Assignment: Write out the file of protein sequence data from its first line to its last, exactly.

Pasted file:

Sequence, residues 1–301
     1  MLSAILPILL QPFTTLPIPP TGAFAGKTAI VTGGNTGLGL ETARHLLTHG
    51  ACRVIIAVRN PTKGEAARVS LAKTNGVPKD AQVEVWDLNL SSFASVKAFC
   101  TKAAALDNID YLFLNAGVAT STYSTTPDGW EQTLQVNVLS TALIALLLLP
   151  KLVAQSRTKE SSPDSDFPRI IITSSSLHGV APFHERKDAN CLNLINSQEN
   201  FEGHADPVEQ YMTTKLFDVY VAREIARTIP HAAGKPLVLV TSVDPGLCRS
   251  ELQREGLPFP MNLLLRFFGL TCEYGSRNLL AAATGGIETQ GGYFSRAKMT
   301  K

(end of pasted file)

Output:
Sequence, residues 1–301
     1  MLSAILPILL QPFTTLPIPP TGAFAGKTAI VTGGNTGLGL ETARHLLTHG
    51  ACRVIIAVRN PTKGEAARVS LAKTNGVPKD AQVEVWDLNL SSFASVKAFC
   101  TKAAALDNID YLFLNAGVAT STYSTTPDGW EQTLQVNVLS TALIALLLLP
   151  KLVAQSRTKE SSPDSDFPRI IITSSSLHGV APFHERKDAN CLNLINSQEN
   201  FEGHADPVEQ YMTTKLFDVY VAREIARTIP HAAGKPLVLV TSVDPGLCRS
   251  ELQREGLPFP MNLLLRFFGL TCEYGSRNLL AAATGGIETQ GGYFSRAKMT
   301  K